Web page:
nitrogen oxides. Fly Ash Fly ash is the particulate removed during the gas cleaning phase. hydrogen fluoride and hydrogen chloride.1100oC. but may also include minute quantities of heavy metals. At this stage of the cleaning process. the temperature at which odourous gases and all dioxins will be destroyed. Acid Gas Scrubbing This consists of a lime mixture being injected into the gas stream.Combustion Chamber The cranes and grabs transfer the mixed waste from the bunker to the furnace 'hopper'. These are primarily dust and ash particles. so hazardous material will be exported for safe disposal. but modern plants generally include the following stages: • • • Electrostatic Precipitators (ESP) The ESP will initially remove 99% or more of particulates. There are various flue gas cleaning designs. The activated carbon provides a surface onto which the heavy metals can adhere and these will then be filtered out at a later stage. Some of these compounds are harmful to health and therefore the flue gas is thoroughly cleaned before it is discharged to the air. At the bottom of the hopper a metering ram pushes the waste onto the combustion grate. At present there are no hazardous waste facilities in Ireland. This material is usually recycled back into the combustion chamber to ensure that dioxins are properly destroyed in the high temperatures. which agitates and transports the waste through the combustion chamber. Flue Gases The combustion process produces flue gas containing water vapour. carbon dioxide. The flue gas cleaning equipment of a modern incineration plant is complex and can take up about half of the space within the plant. Electricity Generation . Filtration The final filtration of particulate matter typically uses a bag house filter (fabric filter). nitrogen. dioxins and furans. Fly ash is considered hazardous and so it must be disposed of in a specially designed facility. Activated Carbon Activated carbon injection is used to remove organic compounds such as dioxins and also volatile metals such as mercury or cadmium. This reacts to neutralise acid gases such as sulphur dioxide. Combustion takes place at temperatures of 850 . particulate matter is primarily made up of spent activated carbon and spent hydrated lime (from the earlier part of the cleaning process). This process can be fully automatic in modern incineration plants. oxygen and particulate matter. It is generally about 13% by weight of the original waste.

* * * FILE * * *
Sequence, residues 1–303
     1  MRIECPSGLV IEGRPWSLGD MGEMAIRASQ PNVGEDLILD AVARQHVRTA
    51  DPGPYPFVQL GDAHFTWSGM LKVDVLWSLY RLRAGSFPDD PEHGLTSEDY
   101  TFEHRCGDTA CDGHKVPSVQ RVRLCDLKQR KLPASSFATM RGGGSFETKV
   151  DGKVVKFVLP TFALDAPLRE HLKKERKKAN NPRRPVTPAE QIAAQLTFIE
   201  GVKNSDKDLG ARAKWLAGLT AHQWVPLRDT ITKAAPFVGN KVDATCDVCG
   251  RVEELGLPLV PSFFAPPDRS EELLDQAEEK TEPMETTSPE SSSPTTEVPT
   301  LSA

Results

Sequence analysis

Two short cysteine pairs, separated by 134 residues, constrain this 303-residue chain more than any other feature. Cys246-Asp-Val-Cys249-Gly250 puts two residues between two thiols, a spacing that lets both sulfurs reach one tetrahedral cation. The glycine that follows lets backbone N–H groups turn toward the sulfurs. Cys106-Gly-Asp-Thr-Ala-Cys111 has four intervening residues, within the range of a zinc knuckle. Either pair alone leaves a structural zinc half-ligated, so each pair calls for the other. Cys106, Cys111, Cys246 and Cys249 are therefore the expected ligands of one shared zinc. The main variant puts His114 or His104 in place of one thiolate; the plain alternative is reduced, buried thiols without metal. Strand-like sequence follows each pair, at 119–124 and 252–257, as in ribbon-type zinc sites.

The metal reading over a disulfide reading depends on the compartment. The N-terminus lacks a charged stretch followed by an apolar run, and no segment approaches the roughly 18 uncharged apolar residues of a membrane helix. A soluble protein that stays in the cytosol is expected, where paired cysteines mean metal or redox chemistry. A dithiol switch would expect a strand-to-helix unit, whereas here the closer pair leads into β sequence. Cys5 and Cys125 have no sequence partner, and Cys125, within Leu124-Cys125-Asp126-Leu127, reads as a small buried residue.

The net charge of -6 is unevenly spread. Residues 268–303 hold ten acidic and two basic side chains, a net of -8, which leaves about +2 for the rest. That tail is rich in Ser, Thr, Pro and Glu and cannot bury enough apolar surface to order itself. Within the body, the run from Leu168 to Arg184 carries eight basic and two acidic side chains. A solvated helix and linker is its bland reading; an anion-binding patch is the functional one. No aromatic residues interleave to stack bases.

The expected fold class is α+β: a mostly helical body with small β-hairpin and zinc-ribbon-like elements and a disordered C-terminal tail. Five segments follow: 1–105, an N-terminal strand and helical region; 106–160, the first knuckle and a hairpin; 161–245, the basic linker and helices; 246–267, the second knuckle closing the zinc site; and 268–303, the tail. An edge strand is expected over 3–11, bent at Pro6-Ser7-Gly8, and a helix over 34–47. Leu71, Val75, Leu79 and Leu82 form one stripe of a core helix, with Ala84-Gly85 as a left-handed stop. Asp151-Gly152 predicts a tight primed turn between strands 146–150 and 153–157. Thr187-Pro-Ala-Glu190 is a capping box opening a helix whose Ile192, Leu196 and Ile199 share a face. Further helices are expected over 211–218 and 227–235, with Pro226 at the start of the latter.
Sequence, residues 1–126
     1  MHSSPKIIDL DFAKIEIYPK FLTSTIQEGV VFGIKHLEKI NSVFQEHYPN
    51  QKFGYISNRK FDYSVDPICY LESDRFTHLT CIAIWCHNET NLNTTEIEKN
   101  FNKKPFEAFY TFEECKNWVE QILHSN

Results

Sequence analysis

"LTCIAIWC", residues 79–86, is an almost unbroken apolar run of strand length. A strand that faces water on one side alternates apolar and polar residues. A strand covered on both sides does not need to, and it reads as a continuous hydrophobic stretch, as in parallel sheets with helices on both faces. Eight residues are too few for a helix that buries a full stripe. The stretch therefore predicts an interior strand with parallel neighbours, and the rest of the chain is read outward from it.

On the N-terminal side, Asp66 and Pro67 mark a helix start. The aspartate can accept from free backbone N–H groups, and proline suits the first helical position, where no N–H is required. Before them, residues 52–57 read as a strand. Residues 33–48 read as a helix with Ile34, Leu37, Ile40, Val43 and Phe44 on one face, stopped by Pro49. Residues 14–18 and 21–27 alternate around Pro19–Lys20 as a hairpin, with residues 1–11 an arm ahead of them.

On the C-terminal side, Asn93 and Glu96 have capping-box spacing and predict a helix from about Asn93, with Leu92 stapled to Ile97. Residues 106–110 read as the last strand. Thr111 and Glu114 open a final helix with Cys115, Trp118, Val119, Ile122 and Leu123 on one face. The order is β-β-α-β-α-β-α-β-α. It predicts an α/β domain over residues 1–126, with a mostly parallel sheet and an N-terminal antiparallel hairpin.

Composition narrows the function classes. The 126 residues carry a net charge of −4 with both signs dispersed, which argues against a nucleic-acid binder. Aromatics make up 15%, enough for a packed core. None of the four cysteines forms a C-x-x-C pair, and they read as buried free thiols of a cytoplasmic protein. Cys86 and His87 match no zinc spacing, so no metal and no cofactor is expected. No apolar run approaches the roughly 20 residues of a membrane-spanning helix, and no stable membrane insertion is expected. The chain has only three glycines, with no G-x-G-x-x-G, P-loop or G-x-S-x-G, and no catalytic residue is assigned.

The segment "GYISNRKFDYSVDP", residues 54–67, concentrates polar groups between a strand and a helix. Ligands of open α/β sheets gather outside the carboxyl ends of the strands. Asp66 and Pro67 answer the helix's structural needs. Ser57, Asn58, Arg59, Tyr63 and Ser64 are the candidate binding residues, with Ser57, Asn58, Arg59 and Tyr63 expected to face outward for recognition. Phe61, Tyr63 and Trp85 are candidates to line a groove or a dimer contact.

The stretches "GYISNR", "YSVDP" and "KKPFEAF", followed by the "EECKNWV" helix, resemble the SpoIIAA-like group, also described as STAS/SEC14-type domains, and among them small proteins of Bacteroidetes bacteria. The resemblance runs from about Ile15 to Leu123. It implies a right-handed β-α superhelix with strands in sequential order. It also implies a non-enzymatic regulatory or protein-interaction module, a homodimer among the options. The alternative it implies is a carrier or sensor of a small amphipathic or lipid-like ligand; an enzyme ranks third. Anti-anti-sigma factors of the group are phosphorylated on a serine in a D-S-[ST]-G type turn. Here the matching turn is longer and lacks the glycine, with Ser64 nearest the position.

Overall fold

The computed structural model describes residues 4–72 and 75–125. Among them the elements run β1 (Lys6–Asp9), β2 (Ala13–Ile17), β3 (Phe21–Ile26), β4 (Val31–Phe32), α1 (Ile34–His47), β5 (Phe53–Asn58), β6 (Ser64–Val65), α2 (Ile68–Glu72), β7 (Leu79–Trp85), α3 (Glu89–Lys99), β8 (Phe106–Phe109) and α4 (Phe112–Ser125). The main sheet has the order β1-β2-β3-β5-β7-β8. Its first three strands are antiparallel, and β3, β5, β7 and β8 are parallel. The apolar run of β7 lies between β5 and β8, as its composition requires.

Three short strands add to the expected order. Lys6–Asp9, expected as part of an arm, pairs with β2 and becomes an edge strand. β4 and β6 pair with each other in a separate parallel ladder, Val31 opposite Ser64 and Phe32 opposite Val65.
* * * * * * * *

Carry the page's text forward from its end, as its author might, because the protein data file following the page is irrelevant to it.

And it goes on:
The remaining bottom ash is non-hazardous and is typically used in other applications such as an aggregate in concrete or for road building.10% of the bottom ash and are sent to the steel works for recycling. Bottom Ash At the end of the grate the solid waste has been completely burned out. The steam goes into a turbine. which can be directly piped to people's homes in a district heating system.000 homes. After storage the bottom ash may be screened into fine and coarse fractions and the ferrous metals (iron or steel) in the ash will be extracted using large magnets. about 10% of the electricity is used on site and the remainder is fed into the national grid. The combustion chamber is surrounded by water tube walls.A boiler converts the energy from the combustion into high pressure steam. The heat remaining after the electricity production can be used to heat water. . The remaining residue is called bottom ash. The hot flue gases release additional heat in additional tube panels in the boiler. The incineration of 400. which are heated by radiation from the combustion.000 tonnes of waste can supply the annual electricity consumption of more than 30. This can supply the annual requirements for heating and domestic hot water for approximately 25. which is ejected at the bottom of the combustion chamber. which drives an electric generator. The bottom ash corresponds to about 15 .20% by weight or 4-6% by volume of the original waste. The metals represent 5 .000 homes. Generally.